Thoughts on FOIA, Part 1

By the title of this post, I’m implying that my thoughts on FOIA will be a series. You know me. The next post in the series might not happen for a month or eleven. They are on my to-do list, though, so that’s a step towards it actually happening. In the meantime, the DC Council will be voting on bills (emergency and temporary) to continue the trolling–er, tolling–of timelines for responding to FOIA requests, and this is generating discussion on Twitter. Unsurprisingly. And I have THOUGHTS.

  1. At the beginning of the pandemic, it was understandable that there would be difficulties in responding to FOIA requests in the statutory timelines. We were all sent home to work remotely, many of us without adequate technology. Everything took longer. Heck, just checking email took longer. And of course any responsive records that were on paper weren’t accessible. Other barriers would have been file sizes, for example when OCTO transfers email packages to an agency FOIA officer; if files are too large and the FOIA officer doesn’t have adequate bandwidth to download the files, that could cause delays. And if the computer provided to the FOIA officer doesn’t have software that can manage redacting, that’s another source of delays due to inadequate technology.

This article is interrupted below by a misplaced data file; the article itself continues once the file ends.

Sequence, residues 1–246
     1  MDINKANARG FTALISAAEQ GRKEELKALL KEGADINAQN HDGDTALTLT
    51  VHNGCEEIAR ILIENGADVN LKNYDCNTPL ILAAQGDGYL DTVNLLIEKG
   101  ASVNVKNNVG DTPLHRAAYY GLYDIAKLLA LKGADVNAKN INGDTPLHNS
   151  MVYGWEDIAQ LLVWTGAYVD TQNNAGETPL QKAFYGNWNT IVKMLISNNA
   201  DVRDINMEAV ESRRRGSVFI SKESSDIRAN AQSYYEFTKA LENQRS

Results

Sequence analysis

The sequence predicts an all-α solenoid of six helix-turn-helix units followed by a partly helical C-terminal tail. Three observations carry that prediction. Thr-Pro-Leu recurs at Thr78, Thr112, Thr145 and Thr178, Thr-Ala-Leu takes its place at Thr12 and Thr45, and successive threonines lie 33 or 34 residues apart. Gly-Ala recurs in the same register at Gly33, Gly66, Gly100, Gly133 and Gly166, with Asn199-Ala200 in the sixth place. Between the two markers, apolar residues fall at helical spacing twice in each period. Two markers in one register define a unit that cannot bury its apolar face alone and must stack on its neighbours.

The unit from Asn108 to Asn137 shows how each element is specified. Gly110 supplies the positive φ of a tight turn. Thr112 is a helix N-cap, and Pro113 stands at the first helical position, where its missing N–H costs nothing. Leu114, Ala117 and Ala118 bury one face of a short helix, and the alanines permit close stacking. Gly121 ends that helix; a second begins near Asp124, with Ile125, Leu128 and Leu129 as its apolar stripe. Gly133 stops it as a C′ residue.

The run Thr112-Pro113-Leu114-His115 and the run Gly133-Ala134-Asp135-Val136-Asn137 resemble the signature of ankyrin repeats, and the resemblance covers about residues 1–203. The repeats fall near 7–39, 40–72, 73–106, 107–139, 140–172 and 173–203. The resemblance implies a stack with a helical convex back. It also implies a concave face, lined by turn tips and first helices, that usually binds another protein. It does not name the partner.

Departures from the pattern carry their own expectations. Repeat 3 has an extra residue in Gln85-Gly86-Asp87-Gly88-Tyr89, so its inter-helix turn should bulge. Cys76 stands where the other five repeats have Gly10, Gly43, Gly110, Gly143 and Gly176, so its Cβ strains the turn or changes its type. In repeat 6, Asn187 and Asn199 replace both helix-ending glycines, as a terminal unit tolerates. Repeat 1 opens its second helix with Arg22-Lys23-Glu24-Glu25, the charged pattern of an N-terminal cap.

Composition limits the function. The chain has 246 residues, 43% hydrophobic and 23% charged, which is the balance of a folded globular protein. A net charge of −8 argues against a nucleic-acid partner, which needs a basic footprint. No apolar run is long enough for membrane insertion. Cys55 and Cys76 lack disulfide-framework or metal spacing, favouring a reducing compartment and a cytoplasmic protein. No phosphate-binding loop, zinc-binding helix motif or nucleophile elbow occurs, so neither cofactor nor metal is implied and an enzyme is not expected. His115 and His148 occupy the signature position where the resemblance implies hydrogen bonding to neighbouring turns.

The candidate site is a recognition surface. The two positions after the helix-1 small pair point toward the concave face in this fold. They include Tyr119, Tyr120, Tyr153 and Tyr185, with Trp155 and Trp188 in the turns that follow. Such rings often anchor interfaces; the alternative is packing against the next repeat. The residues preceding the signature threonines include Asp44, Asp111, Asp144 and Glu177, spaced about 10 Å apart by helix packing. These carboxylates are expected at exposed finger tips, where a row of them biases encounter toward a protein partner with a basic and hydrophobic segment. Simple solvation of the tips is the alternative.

2. But as time went on, new technology was acquired–or could have been acquired. Here we are 18 months in, and agencies really should have ensured by now that FOIA officers have what they need to work from home. Plus, DC government employees are supposed to be working in the office three days a week, as far as I understand.
  3. SO! Timelines really ought to be back to normal.

Now, I have MORE THOUGHTS. Those thoughts include likely controversial opinions about email, about the purpose of FOIA, and how transparent government ought to be. Stay tuned for a hopefully more thoughtful and actually researched exposition on “government translucency.”

The Great Pandemic Baking Show: Trifle

Whoa. Trifle is a bit…much. But what is one to do when one has most of a batch of apple pie filling left? Right. Make a pie. (Or make apple cinnamon oatmeal. Or eat it on vanilla ice cream. Whatever.)

But I’ve been contemplating combinations of deliciousness that could make a good trifle since I began this pandemic baking adventure, and this is the first time that I’ve thought of something that includes the traditional fruit element.